- Nolen, R. Scott. “Artificial Intelligence and Veterinary Medicine.” American Veterinary Medical Association, 15 July 2020, avma.org/javma-news/2020-07-15/artificial-intelligence-veterinary-medicine.
- Lim, Sungwon, PhD. “AI — the Newest Tool in Veterinary Science.” IVC Journal, Sept. 2021, ivcjournal.com/ai-newest-tool-veterinary-science.
- Mulvaney, E., & Weber, L. (2023, May 11). End of the Billable Hour? Law Firms Get On Board With Artificial Intelligence. WSJ. https://www.wsj.com/articles/end-of-the-billable-hour-law-firms-get-on-board-with-artificial-intelligence-17ebd3f8?page=1.%20Accessed%2012%20June%202023.
- Eliot, Lance. “Lawyers Getting Tripped up by Generative AI Such as ChatGPT but Who Really Is to Blame, Asks AI Ethics and AI Law.” Forbes, 29 May 2023, forbes.com/sites/lanceeliot/2023/05/29/lawyers-getting-tripped-up-by-generative-ai-such-as-chatgpt-but-who-really-is-to-blame-asks-ai-ethics-and-ai-law/?sh=427ec5353212.
- Hsieh, Nelson. “Lemonade’s AI Jim and Insurance Fraud Detection.” voltequity.com, 30 Mar. 2021, www.voltequity.com/post/lemonades-ai-jim-and-insurance-fraud-detection.
- “Products | Veterinary Artificial Intelligence – Vetology.” Vetology, 5 July 2022, vetology.ai/products.
- Antech Diagnostics. “RenalTech® for Kidney Disease – Antech Diagnostics.” Antech Diagnostics, 11 Aug. 2022, antechdiagnostics.com/renaltech.
- SediVue Dx Veterinary Urine Sediment Analyzer – IDEXX US. (n.d.). IDEXX US. https://www.idexx.com/en/veterinary/analyzers/sedivue-dx-analyzer/
- ProCyte One Hematology Analyzer – IDEXX US. (n.d.). IDEXX US. https://www.idexx.com/en/veterinary/analyzers/hematology/procyte-one-analyzer/
- Artificial Intelligence in Veterinary Medicine Leads to Efficiency and Superior Accuracy – IDEXX US. (n.d.). IDEXX US. https://www.idexx.com/en/veterinary/analyzers/artificial-intelligence-veterinary-medicine-leads-to-efficiency/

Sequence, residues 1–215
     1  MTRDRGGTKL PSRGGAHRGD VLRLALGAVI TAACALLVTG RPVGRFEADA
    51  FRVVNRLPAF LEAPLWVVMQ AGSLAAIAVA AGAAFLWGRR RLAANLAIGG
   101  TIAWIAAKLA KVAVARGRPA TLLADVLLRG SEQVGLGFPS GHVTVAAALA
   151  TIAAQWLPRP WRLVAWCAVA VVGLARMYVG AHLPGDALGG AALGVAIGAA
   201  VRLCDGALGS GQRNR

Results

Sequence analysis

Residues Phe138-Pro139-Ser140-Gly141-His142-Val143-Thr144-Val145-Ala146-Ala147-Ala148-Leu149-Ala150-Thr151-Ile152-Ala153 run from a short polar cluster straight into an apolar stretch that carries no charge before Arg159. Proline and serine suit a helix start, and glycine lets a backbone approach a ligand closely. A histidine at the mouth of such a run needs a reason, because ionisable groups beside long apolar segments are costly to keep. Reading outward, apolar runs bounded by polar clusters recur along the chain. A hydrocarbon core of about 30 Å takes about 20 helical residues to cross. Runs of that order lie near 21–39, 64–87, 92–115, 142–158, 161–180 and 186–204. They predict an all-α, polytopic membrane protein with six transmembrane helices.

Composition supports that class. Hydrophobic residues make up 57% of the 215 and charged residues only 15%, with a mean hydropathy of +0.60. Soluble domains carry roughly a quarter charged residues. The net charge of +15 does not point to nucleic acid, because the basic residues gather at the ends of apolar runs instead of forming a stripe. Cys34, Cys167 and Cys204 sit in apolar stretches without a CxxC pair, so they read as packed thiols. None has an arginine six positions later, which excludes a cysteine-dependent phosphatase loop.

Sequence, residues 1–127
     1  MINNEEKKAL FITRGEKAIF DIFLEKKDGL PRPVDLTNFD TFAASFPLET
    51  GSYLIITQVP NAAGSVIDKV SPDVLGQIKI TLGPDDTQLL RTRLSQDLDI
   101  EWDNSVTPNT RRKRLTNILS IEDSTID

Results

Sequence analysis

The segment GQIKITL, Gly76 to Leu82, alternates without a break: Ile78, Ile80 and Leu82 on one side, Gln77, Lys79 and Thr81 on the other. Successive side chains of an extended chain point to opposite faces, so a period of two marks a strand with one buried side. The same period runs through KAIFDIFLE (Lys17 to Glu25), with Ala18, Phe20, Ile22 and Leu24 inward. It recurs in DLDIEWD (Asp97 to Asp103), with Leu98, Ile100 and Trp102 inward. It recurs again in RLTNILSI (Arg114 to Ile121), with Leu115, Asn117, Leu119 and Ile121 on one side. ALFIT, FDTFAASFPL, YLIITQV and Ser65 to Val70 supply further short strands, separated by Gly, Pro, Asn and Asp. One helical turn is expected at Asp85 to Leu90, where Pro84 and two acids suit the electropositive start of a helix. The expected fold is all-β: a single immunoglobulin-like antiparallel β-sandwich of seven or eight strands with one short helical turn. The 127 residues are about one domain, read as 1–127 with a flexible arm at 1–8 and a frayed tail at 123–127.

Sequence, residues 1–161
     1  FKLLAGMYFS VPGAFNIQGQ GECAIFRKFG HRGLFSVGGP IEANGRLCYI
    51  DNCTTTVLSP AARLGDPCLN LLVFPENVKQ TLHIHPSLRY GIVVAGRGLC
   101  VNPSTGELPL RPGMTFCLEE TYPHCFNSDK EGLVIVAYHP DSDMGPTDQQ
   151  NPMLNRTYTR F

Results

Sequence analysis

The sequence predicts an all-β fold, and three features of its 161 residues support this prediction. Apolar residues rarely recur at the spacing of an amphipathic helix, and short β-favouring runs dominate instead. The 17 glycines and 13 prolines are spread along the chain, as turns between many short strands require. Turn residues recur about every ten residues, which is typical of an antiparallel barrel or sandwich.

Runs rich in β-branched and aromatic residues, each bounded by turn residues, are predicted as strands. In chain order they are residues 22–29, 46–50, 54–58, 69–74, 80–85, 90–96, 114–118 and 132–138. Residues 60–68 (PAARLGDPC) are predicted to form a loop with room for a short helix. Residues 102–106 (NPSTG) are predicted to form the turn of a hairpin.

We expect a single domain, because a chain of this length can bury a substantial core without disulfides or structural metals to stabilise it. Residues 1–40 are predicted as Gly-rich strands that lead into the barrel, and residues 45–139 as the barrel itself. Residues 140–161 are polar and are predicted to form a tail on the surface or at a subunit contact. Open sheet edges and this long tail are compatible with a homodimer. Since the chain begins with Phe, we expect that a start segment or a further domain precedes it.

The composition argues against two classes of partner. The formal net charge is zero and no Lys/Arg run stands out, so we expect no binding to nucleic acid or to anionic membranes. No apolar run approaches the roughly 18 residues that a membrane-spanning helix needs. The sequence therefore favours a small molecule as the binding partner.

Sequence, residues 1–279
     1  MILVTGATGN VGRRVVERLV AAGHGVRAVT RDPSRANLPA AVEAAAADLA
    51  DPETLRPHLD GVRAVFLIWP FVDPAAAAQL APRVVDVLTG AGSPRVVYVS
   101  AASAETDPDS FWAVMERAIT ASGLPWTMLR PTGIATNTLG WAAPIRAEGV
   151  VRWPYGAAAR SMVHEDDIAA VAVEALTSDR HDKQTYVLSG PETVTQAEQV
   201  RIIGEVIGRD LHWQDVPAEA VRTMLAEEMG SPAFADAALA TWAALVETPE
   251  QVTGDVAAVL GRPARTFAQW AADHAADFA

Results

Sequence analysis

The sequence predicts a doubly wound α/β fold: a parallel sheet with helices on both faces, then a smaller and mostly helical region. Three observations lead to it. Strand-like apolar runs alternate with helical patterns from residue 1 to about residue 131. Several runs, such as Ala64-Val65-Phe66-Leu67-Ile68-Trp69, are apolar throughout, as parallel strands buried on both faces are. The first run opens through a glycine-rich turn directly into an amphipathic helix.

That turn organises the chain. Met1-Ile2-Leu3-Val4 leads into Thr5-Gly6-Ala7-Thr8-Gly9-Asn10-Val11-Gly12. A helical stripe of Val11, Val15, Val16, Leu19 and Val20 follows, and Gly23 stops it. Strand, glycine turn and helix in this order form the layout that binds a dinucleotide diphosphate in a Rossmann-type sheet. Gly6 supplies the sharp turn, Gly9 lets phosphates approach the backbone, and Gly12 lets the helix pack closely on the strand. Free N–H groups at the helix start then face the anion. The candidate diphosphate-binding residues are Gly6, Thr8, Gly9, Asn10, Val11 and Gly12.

- Peake, Tracey. “Artificial Intelligence in Veterinary Medicine Raises Ethical Challenges.” Phys Org, 14 Dec. 2022, phys.org/news/2022-12-artificial-intelligence-veterinary-medicine-ethical.html.
- Vallance, B. C. (2023, May 30). Artificial intelligence could lead to extinction, experts warn. BBC News. https://www.bbc.com/news/uk-65746524
- CBS Mornings. (2023, March 25). Full interview: “Godfather of artificial intelligence” talks impact and potential of AI [Video]. YouTube. https://www.youtube.com/watch?v=qpoRO378qRY
- Center for AI Safety (CAIS). safe.ai.
- AI Risk | CAIS. www.safe.ai/ai-risk.
- Siddiqui, Sabrina, and Ryan Tracy. “AI’s Rapid Growth Threatens To Flood 2024 Campaigns With Fake Videos.” WSJ, 5 June 2023, wsj.com/articles/ais-rapid-growth-threatens-to-flood-2024-campaigns-with-fake-videos-dbd8144f?page=1.
- Weiss, Debra Cassens. “Lawyers who ‘doubled down’ and defended ChatGPT’s fake cases must pay $5k, judge says.” ABA Journal, 26 June 2023, https://www.abajournal.com/web/article/lawyers-who-doubled-down-and-defended-chatgpts-fake-cases-must-pay-5k-judge-says?utm_source=sfmc&utm_medium=email&utm_campaign=&utm_term=&utm_id=688893&sfmc_id=143693123.